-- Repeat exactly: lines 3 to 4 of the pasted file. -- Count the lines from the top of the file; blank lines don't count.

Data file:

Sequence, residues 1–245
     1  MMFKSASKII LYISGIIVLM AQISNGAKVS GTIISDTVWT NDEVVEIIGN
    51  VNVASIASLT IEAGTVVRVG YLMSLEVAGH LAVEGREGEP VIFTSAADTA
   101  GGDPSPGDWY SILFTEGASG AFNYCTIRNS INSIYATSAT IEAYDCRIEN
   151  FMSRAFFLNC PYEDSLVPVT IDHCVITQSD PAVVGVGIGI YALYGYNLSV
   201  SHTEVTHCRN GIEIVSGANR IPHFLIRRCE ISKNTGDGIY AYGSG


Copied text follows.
    51  VNVASIASLT IEAGTVVRVG YLMSLEVAGH LAVEGREGEP VIFTSAADTA
   101  GGDPSPGDWY SILFTEGASG AFNYCTIRNS INSIYATSAT IEAYDCRIEN